Figure 2 takes the analysis back to 1911. While recent winters have not been as mild, on the whole, as those of 1995-2005, they have not been unusual in comparison with earlier ones.
Indeed, over the last century, the most remarkable thing about our winter climate is that so little has actually changed.
Australia: Uranium mining go-ahead in Queensland a blow to the Greens
THE State Government's snap decision to overturn a 23-year ban on uranium mining paves the way for an $18 billion industry, thousands of jobs and $900 million in royalties.
Premier Campbell Newman's announcement yesterday came just 11 days after writing to the Australian Conservation Foundation saying he had "no plans to approve the development of uranium in Queensland".
Green groups have slammed the move, labelling it dangerous, rushed and made with little or no consultation.
Mr Newman said the backflip was sparked by Prime Minister Julia Gillard's trip to India to open negotiations on uranium exports, which put the issue back on the agenda.
He said the world had moved on from the conflict the issue caused decades ago when the ban was put in place and he had personally never been opposed to uranium mining.
"It was not until the events of last week where we said 'this is crazy'," Mr Newman said. "South Australia, the Northern Territory and Western Australia are all in the game and the Prime Minister and her ministers are urging us to overturn the ban," the Premier said.
"In fact, Federal Resources Minister Martin Ferguson urged Queensland to overturn the ban, back in June. "Why do we have this position given our own party is extremely supportive?"
He said the only real surprise had been the strong views in support from the Labor Party.
Mr Newman said he took the option of a policy review to yesterday's Cabinet meeting in Goondiwindi but Ministers urged him to go further and were "adamant" that the ban be overturned.
"There has been serious public debate about the issue over the course of several months," Mr Newman said.
But the Government is facing criticism it rushed the decision without consultation after going to the polls claiming it had no plans to lift the ban.
Green groups said it took less than 11 days for Mr Newman to change his mind after he wrote to the Australian Conservation Foundation on October 11 stating that the Government's position was "crystal clear" and it had "no plans to approve the development of uranium in Queensland".
Mount Isa City Council recently called on the Government to resume uranium mining, to reinvigorate the area and offer employment. Mount Isa Mayor Tony McGrady said the lifting of the ban allowed explorers to move in and search for deposits and that could lead to discoveries of other commodities.
Cr McGrady - a former Labor mining minister - defended the Premier. "What Mr Newman said was that uranium mining was not high on his list of priorities," he said.
"It's come down now to making a decision on uranium and he's done so because he realised there's jobs involved and royalties for the State Government."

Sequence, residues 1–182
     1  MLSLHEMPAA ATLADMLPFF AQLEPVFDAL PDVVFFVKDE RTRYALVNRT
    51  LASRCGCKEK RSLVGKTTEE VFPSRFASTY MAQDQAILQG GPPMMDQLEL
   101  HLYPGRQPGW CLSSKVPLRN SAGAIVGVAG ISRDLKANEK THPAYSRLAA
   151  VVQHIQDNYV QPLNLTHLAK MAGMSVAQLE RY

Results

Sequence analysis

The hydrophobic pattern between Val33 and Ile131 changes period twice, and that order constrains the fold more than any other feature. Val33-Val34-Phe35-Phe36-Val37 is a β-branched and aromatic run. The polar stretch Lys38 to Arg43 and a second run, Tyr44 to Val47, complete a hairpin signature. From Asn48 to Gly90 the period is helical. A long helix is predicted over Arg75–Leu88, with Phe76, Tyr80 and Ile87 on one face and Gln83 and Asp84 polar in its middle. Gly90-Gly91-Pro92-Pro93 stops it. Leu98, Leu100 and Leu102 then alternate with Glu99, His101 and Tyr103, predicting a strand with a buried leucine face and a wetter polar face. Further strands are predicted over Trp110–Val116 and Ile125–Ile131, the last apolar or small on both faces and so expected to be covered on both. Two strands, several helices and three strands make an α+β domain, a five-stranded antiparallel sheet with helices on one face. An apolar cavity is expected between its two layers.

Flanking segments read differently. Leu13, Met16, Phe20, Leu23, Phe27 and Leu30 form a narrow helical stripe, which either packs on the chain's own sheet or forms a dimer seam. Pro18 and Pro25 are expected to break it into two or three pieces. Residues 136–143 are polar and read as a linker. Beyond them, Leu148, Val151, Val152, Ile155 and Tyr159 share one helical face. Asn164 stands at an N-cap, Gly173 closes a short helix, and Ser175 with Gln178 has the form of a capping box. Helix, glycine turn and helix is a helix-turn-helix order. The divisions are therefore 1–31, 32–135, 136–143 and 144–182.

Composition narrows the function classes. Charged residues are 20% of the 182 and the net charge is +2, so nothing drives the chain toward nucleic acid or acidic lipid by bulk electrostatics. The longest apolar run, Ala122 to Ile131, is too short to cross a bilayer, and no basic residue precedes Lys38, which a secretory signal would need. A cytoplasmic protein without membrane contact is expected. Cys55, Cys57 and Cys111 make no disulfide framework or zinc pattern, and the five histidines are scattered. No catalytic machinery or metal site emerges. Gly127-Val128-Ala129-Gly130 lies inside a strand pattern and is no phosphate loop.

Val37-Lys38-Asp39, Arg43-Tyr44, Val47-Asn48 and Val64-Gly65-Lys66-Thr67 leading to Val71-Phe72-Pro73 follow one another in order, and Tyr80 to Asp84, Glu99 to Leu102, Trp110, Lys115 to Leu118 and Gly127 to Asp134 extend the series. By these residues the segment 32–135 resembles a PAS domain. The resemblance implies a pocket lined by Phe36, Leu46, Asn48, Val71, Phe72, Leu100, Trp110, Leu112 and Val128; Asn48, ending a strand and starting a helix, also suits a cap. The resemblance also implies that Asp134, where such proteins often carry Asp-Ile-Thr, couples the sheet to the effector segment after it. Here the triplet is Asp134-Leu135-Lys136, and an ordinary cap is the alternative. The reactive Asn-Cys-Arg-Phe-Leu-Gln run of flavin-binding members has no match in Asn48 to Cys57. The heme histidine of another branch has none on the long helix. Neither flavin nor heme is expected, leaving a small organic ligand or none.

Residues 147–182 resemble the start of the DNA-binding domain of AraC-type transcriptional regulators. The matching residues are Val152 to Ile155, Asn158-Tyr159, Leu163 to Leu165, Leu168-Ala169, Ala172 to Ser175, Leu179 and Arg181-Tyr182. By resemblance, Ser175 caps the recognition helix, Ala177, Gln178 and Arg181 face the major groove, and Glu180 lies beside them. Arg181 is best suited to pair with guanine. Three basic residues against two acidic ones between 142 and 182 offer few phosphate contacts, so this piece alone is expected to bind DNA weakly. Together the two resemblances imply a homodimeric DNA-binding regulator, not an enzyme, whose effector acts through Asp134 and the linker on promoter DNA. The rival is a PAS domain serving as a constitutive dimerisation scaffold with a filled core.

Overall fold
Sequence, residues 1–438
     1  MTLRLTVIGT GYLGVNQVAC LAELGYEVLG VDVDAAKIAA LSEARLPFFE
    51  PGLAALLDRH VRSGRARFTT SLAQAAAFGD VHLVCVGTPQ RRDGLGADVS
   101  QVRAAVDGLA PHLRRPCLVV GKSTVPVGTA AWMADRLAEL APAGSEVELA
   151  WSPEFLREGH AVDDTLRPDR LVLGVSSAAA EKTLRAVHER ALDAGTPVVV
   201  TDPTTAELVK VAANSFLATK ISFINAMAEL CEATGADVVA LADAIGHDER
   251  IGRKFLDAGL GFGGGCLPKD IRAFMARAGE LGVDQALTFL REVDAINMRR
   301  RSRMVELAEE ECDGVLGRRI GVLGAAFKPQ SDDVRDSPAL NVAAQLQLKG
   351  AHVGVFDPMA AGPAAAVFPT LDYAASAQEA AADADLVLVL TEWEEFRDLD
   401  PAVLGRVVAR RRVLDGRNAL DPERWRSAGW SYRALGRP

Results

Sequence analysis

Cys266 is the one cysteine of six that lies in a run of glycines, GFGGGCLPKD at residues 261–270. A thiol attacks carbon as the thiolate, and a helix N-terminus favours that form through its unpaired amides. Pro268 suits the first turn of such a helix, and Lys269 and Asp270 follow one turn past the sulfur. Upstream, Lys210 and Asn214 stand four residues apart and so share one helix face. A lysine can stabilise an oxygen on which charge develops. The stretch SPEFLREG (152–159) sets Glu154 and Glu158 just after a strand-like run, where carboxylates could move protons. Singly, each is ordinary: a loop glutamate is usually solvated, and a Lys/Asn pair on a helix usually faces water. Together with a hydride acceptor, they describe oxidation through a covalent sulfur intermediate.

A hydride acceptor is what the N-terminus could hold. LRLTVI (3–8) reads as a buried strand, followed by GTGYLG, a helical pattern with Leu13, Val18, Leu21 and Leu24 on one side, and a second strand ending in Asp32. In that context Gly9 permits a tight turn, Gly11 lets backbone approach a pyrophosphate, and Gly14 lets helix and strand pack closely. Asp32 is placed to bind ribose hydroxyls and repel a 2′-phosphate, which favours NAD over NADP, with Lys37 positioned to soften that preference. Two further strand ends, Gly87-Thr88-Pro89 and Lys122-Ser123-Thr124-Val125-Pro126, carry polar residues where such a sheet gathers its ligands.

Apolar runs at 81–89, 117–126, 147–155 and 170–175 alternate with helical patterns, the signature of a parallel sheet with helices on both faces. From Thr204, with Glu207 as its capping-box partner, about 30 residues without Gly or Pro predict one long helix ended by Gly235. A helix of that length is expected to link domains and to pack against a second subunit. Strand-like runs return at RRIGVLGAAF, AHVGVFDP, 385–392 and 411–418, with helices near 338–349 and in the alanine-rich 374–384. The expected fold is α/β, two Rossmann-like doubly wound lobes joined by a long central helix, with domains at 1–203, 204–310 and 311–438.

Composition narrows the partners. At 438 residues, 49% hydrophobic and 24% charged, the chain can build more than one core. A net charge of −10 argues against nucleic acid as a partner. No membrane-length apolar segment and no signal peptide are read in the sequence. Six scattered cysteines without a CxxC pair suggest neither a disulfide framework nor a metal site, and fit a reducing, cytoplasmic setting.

Cr McGrady said his council had only last week called for Mr Newman to "at least instigate an inquiry as to whether there should be a uranium industry in Queensland".
A three-person committee will be named shortly to oversee the recommencement of uranium mining.
The decision even took the mining industry by surprise because it had been expecting a preliminary review.
But the Queensland Resources Council said it seemed that when there was "no marching in the streets" following the call for a debate on the issue the Government decided to move ahead.
Chief executive Michael Roche said the Government's decision would provide a strong boost to the regional economies of the north and northwest.
"It will create jobs and economic opportunities, including for indigenous Queenslanders," Mr Roche said.
He said three mines in Queensland would generate about 1000 permanent jobs and 2500 in construction. Most would be in the Mt Isa-Gulf area.
The estimated economic value of uranium in Queensland is $18 billion and a royalty of 5 per cent would deliver $900 million in royalties.
Several companies have spent years exploring for uranium in Queensland, speculating the ban would be overturned. Summit Resources has spent about $40 million in recent years in exploration in Queensland. Its share price spiked dramatically yesterday when the decision was announced.
However, it is likely that it will take at least four years for any project to get developed because of the strict environmental approvals needed from both the State and Federal governments.
A hazardous materials port would also have to be built to cope with the exports.
Queensland's last operating uranium mine, Mary Kathleen, about 80km west of Mount Isa, closed in 1982 after 30 years in use.
The Goss Labor government won office in 1989 with a policy of no new uranium mining, an effective ban that has applied ever since.
Ironically on the exact same day in Brisbane in 1977, 371 people were arrested at an anti-uranium protest in Brisbane, including a Labor senator.
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Posted by JR at 4:06 PM